Power of democracy unites the exasperated
SCMP April 03, 2008
Looking at Malaysia today, one can better understand why the likes
of Donald Tsang Yam-kuen, Henry Tang Ying-yen, the Tien brothers,
Stanley Ho Hung-sun and the like - not to mention the Communist Party
- are so opposed to full direct elections any time soon. A sense
of euphoria, of release, exists in Malaysia, so that even many who
voted for the government, in the interests of stability, believe
the country is better off for having delivered a stunning rebuke
to those in power.
After 50 years of unbroken dominance, the United Malays National
Organisation and its tame Chinese and Indian ethnic party allies
have not only been
humbled; the setback has also sparked a blame game among Umno figures.
Party infighting not only puts the future of Prime Minister Abdullah
Badawi in doubt, it also raises a wide range of possible outcomes,
including even Umno losing power to an opposition coalition.
The voters' verdict could not be ascribed to the usual suspects for
electoral disaster - the economy or scandals involving senior figures.
Indeed, the economy is doing well. No, this was the triumph of an all-races
reaction against cronyism, nepotism, abuse of power, lack of open government,
decline of judicial and civil service independence, and rising wealth
and income disparities.
Exasperation at these tendencies had, first, made it possible to bring
together widely differing parties - the mainly Chinese Democratic Action
Party and the Islamist Parti Islam se-Malaysia - into a coalition headed
in all but name by former deputy prime minister Anwar Ibrahim and his
Malay Keadilan party. Confronted with a choice, most voters in Peninsular
Malaysia preferred the opposition. The ruling coalition survived due
to the support of local parties in Sabah and Sarawak, and a gerrymandered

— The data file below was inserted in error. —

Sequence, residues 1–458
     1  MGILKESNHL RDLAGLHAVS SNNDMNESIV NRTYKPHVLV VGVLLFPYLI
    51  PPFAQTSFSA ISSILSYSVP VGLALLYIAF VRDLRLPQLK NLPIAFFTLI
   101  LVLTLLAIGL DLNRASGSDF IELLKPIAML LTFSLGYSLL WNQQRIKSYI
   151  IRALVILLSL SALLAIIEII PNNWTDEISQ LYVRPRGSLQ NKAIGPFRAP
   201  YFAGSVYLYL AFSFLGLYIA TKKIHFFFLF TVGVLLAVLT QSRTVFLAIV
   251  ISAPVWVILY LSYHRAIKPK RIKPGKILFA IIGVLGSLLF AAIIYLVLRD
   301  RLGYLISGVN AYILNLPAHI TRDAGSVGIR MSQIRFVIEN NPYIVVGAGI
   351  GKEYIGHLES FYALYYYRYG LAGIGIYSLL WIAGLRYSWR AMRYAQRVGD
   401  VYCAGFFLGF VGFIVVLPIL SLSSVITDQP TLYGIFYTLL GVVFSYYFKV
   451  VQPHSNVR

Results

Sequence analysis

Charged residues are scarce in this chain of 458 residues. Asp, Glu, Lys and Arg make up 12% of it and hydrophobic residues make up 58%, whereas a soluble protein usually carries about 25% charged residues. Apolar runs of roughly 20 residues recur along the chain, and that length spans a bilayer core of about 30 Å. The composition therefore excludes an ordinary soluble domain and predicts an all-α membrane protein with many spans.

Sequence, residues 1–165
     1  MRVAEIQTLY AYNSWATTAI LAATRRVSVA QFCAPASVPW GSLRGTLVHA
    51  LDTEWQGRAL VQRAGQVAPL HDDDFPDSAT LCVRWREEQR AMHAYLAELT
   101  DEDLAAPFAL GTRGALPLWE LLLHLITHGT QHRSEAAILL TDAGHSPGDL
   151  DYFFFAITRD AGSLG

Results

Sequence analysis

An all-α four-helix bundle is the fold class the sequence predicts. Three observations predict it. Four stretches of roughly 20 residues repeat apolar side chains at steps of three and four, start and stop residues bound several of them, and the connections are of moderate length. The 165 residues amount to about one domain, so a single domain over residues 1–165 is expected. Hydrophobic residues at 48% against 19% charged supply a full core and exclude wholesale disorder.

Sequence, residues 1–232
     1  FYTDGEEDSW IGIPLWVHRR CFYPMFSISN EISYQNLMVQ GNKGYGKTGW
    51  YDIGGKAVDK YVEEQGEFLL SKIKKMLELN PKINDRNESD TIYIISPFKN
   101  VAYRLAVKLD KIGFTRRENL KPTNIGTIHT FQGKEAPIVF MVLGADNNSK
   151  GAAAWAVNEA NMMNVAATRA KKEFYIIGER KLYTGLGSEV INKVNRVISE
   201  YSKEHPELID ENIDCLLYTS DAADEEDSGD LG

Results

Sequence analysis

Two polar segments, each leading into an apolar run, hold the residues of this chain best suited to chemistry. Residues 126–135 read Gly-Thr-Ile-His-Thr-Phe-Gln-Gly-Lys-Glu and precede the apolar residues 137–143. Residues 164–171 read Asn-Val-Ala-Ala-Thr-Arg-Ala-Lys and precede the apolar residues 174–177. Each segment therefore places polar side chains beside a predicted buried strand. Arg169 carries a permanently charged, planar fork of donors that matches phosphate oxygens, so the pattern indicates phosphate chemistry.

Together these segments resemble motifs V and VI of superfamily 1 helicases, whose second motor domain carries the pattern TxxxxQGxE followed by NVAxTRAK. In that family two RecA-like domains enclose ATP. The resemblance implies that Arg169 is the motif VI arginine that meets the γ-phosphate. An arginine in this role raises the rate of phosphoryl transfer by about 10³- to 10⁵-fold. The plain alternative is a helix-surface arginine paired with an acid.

For the first time, almost as many Malays as non-Malays voted against
the government, explicitly rejecting the core notion that only Umno
could protect Malay dominance and economic and cultural interests against
Chinese, Indian and foreign influence. For the first time, the race-based
structure of Malaysian politics was dealt a blow. For the first time,
middle- and lower-income people, and professionals, saw their interests
defined by issues other than race.
But this was not so much an outburst of good-neighbourly ethics. The
electoral verdict was the product of exasperation at the gravy train
that, for years, has rewarded Umno and other political insiders with
sweet deals - similar, perhaps, to the relationship in Hong Kong between
the administration and property and other powerful vested interests.
It was exasperation at the way a few families ruled the roost. Even
Mr Abdullah, who is viewed as honest, gave his son-in-law huge influence
in the party and the government, and access to lucrative business deals.
It was exasperation at the muddying of the distinction between politicians
and government servants, which has been going on for years in Malaysia
and is now being copied by Mr Tsang. It was exasperation at the way
judicial independence has been undermined ever since Mahathir Mohamad
sacked the chief justice and other judges who would not do his bidding.
In Hong Kong, the judiciary is still intact but the Tsang administration
would clearly like to erode the separation of powers.
It was exasperation that the fruits of economic growth have been so
ill-distributed, with government policies helping to make a few mega
rich while failing, for reasons of the elites' self-interest, to address
with more than words the issue of income inequality. Malaysia shares
with Hong Kong a bad and worsening record of income distribution. In
Malaysia, that brought low-income urban Malays, Chinese and Indians
together for the first time in electoral history.
Hong Kong is fortunate in having no similar racial divide. But without
democracy, it lacks the political means to address the ills that it
has in common with Malaysia.
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